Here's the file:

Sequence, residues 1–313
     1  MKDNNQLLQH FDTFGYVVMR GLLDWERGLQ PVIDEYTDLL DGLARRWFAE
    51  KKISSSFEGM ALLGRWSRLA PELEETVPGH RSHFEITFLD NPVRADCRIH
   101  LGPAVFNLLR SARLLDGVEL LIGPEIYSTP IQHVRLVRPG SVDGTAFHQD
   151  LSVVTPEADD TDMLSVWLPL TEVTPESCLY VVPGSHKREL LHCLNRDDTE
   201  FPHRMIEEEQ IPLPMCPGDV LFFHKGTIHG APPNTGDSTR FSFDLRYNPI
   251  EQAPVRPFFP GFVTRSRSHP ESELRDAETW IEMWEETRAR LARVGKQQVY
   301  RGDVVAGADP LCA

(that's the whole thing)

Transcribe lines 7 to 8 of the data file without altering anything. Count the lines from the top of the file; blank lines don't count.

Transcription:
   251  EQAPVRPFFP GFVTRSRSHP ESELRDAETW IEMWEETRAR LARVGKQQVY
   301  RGDVVAGADP LCA